"The church gets$500.00, you three kids get the rest, "Tim patiently explained.
Five hundred dollars!" Darryl exploded. "i didn't know Mom had that much. but five hundred dollars divided three was is only two hundred apiece."
"Yeah right," Darla couldn't help herself. The words were out of her mouth before her brain could censure them.
"There you go, little sis," Darryl snapped, "Rubbing that fancy lesbo degree in my face."
Darla had attended an all women's university in Massachusetts, compliments of rants and scholarships.
The brothers had never forgiven her choice of school or her decision to attned. Nor did they approve her major, creative writing with a minor in political science.
Darryl thought Darla should have stayed home, married the football captain and produces 2.3 children.
Darla, instead, had landed a job at a political magazine in Boston and married a fellow writer. She choose not to have children, preferring pomeranians, instead.
David, as usual, had no opinion in the matter.
Darlalet Darryl's remark roll off her back.
"I can solve this mess right now, she said.
The room went silent as all eyes focused on her.
"The only thing that means anything to me is Mama's old treadle sewing machine."
"Thqt old thing" Darryl said, his face reddening with the shame he had felt as a teenager when his mother supported her two sons and herself, during her husband's absence by sewing for the public.
Darla stood he. "I have lots of good and happy memories of Mama making my clothes on that hing.
A bubble of laughter escaped her mouth as she remembered trying to ride on the treadle. Mama rewarded that stunt with a rap to the back of her head.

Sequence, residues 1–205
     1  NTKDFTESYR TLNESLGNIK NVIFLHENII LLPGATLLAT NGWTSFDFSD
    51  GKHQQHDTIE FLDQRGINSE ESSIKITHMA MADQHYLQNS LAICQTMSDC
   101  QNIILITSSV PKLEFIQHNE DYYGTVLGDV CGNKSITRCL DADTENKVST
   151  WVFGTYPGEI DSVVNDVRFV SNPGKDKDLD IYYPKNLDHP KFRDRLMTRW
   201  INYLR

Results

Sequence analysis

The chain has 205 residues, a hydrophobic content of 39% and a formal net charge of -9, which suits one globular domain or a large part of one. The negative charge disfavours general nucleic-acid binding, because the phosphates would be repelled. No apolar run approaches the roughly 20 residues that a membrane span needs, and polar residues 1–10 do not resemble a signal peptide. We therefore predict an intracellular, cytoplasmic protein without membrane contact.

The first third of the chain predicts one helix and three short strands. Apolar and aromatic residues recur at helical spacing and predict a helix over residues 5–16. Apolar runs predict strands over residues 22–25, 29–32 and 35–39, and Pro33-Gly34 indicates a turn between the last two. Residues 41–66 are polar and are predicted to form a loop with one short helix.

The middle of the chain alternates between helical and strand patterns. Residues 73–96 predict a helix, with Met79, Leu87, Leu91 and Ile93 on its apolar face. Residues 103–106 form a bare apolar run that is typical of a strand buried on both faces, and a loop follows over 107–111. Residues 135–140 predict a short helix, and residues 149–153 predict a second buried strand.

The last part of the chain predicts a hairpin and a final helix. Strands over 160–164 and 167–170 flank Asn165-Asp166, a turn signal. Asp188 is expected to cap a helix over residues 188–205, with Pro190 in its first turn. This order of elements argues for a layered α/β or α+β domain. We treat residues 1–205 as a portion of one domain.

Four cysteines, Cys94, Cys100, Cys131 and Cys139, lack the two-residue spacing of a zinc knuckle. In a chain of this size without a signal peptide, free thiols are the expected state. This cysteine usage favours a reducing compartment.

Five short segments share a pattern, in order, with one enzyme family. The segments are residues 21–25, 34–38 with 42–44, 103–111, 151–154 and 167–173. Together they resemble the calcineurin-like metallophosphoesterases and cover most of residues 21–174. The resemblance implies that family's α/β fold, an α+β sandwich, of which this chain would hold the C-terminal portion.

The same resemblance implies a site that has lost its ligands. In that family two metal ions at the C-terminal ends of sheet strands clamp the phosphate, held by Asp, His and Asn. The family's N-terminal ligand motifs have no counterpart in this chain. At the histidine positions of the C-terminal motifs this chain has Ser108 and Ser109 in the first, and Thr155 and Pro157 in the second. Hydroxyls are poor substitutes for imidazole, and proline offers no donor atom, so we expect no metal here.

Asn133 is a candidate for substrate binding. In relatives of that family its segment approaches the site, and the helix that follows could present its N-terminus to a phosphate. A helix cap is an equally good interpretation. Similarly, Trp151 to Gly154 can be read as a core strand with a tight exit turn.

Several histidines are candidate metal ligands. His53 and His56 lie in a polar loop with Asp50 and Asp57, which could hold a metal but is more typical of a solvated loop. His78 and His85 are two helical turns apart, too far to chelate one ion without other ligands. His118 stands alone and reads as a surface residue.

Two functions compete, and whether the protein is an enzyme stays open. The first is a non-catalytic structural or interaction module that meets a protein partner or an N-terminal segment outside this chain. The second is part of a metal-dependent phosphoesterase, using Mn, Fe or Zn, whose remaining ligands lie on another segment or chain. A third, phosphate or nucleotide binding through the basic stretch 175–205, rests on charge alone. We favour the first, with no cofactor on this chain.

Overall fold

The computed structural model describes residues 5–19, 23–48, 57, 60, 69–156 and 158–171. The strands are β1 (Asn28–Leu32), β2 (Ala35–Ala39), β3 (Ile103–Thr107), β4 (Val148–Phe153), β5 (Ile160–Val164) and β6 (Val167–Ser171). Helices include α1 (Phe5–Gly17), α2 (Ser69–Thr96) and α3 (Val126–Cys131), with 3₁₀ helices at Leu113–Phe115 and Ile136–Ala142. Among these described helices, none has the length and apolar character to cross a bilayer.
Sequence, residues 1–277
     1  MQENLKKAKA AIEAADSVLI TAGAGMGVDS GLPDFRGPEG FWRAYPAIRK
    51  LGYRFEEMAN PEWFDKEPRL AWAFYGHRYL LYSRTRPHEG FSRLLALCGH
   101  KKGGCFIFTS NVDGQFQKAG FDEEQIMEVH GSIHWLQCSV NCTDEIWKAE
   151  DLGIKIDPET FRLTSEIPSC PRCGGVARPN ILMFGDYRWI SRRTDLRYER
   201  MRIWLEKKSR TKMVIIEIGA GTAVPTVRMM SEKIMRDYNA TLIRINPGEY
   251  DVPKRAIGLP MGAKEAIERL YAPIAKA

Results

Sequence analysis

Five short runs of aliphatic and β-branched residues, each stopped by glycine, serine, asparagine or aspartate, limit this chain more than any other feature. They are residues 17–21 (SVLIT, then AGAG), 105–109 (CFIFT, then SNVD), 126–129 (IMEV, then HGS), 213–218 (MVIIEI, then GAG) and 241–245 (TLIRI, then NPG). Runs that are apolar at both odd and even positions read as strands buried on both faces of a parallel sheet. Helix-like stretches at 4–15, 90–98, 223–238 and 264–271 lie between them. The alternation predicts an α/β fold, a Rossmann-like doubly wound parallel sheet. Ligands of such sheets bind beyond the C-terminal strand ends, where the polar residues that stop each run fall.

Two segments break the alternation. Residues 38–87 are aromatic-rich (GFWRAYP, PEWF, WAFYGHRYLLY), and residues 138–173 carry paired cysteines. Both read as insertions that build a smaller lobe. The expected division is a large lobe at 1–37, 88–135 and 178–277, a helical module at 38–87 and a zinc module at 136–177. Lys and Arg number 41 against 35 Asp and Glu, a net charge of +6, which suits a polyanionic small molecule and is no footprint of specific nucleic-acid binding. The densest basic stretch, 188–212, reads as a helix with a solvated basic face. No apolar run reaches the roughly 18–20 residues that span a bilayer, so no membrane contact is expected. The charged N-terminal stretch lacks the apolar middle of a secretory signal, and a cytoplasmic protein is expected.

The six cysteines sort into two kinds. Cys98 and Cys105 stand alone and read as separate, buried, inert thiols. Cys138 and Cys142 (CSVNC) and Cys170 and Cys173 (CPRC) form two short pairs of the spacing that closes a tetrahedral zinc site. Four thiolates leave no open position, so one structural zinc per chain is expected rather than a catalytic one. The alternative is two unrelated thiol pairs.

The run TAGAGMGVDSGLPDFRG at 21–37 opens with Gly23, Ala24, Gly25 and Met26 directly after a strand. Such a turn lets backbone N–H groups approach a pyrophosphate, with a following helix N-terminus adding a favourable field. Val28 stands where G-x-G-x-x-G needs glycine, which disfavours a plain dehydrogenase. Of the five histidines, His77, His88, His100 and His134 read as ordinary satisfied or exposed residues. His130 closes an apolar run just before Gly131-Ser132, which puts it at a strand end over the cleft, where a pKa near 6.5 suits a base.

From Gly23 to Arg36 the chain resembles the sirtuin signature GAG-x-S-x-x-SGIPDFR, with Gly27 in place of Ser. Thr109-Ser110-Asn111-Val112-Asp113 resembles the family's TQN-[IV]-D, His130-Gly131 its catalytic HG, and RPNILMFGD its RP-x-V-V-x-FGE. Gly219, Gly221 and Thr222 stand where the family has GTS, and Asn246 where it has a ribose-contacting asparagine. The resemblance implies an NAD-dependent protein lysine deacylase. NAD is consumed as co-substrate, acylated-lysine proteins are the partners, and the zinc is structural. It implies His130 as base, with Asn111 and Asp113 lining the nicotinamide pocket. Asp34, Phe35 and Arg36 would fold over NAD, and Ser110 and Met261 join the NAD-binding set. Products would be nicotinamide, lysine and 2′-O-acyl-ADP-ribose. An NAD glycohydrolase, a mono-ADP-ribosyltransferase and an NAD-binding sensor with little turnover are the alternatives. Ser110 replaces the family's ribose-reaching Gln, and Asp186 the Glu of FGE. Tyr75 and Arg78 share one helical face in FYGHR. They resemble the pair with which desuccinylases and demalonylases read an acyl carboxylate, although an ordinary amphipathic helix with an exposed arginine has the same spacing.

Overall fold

'"Give me the sewing machine, all of Mama's patterns and the box she kept her sewing supplies in and I'll give up all claim to the rest of the estate.
"Think twice about that," Uncle Tim warned.
Darla only shook her head.
"You won't back out and try to snatch a third share?" David slowly offered a challenge.
Darla held up her hand as i he were giving a solemn oath. "Give me the sewing machine and all the sewing stuff and Ill be out of your hair forever. you'll never have to think of me as your sister again."
Aunt juanita rushed forward, Aunt Lucy hard on her heels.
"Why," the aunts cried in unison.
"Yeah, why?" Darryl asked, in an almost kindly way.
Darla looked her brothers in the eyes and took a fortifying breath.
"I've always thought of myself as an only child and I regret the time I've wasted on you two. it's time to end the pain."
The brothers nodded their agreement, each clearly satisfied that they now each owned a half share in their mother's few belongings.
A week later, at home in Boston, Darla unpacked the huge crates uncle Tim had shipped to her.
in the largest crate she uncovered her Mama's sewing machine, a 1909 Singer treadle machine that hat been passed down from Grndma June too Mam, and now to Darla.
She wnted to laugh at her brothers' ignorance in letting to of such a valuable and emotionally packed antique.